We currently homeschool 3 kids, and all math curriculums we’ve used from kindergarten on up have touched on how to teach kids to count money. But what I hope that you’ll see is that you don’t need a math curriculum to do this! In fact, we usually fly through money units when homeschooling because the kids are just whizzes at counting now. It’s no secret, and it’s not hard. Read on to fill your toolbox with some ideas to try right away.
I don’t think there’s one magic ticket to teaching kids to count money. Some kids will be more interested than others, and all kids seem to have their own timeline if only we’ll pay attention to it. In this post I’ll share some money counting activities we do based on age, things that seem to make kids “money aware”, and games to play that include money (no…monopoly isn’t on that list and I’ll explain why ;-)!
What kids should know before they start learning to count money
Just like you don’t start writing letters before scribbling, kids will need to build some skills before you bring out the coins and bills.
1. Teach them to count to 100
This is an end of kindergarten milestone. However, kids enter “kindergarten” at different ages, sometimes almost a year apart. So developmentally, watch your child. See what they can do, and don’t push it if they’re not ready.
It’s not required to know how to count to 100 to start learning the value of some coins, or even to start counting pennies. But if they can’t yet count that high, then just wait. Or, use pennies as a tool to teach counting!
Once they can count to 100 they’ll understand that 60 is more than 20, and that there’s a pattern within numbers. And of course, they’ll eventually be learning to take a pile of coins and count on as they add them up.
2. Skip count by 5’s and 10’s, (and 25’s to make counting quarters easy)
Skip counting by 5’s and 10’s will make learning about nickels and dimes SO easy! Learning to skip count is as simple as saying it over and over as a chant. My kids have started this around age 5-6 or so.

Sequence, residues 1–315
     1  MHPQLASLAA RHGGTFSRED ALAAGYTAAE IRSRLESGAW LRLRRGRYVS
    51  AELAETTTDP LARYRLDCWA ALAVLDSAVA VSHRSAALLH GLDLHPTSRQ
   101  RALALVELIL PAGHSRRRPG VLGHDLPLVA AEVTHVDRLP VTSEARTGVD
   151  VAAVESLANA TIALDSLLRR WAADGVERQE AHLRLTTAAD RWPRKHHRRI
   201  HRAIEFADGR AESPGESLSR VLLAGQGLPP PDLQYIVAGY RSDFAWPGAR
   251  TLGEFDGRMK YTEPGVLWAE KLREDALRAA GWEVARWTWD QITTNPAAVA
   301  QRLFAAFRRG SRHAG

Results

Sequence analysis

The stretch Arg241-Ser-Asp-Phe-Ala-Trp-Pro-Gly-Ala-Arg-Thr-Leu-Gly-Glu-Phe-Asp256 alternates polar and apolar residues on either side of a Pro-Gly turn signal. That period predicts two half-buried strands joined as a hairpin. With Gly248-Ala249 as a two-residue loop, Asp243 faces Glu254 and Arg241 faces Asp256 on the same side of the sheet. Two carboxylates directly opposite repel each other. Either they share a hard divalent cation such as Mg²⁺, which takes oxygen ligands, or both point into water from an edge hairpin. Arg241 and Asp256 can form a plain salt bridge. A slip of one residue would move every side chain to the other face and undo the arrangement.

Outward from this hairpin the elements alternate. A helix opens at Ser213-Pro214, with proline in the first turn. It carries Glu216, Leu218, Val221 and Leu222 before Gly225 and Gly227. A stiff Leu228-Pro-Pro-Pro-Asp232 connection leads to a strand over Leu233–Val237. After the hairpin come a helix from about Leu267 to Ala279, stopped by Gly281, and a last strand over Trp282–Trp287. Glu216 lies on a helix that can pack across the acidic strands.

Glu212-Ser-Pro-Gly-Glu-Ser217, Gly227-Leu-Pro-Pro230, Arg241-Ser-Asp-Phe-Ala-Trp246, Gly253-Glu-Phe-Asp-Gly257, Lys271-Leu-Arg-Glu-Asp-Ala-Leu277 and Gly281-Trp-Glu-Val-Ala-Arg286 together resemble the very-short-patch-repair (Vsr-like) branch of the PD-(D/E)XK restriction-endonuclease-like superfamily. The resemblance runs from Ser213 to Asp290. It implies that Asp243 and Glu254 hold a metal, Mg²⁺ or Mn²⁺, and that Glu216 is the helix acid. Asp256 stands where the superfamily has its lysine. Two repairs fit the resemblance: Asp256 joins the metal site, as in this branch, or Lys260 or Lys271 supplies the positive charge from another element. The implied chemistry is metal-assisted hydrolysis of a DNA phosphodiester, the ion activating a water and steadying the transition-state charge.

But again, if you’re child isn’t ready just wait. They’re not behind. They’re right on their own schedule, and pushing something too early makes it frustrating for everyone.
3. They should have a general idea that money is used to buy things
Take your kids to the store with you. Talk about prices you see. It’s ok to say, “We can’t get that, it’s too expensive.” They’ll start to see higher numbers mean something.
Maybe they’ll wonder why there’s a dot in there (the decimal). Let them gain curiosity to real life money usage, even at age 5.
- “O, that cereal says $3.99 but this one says $5.99. Let’s get the one on sale.”
- “Everyone can pick out a treat at the gas station, but it has to be under $2.00”
- “Mom is sending in our rent money to our landlord so that we can live here.”
- “Here’s $3 to spend at the dollar store. How many things can we buy?”
Teach them to sort coins
Sorting is an excellent skill to teach kids!
Preschoolers can sort coins, without even knowing the name or value. They’ll learn to look at color, size, and the person’s face on the coin.
Kindergarteners can learn the value of each coin, the name, and also sort them. My current kindergartener sometimes gets the names and value mixed up of dimes and nickels…and that’s ok.
When he first started learning about coins, he always thought the dime was less valuable because it’s the smallest. This shows you how kids think! It takes being a little bit older to understand that’s not how it works.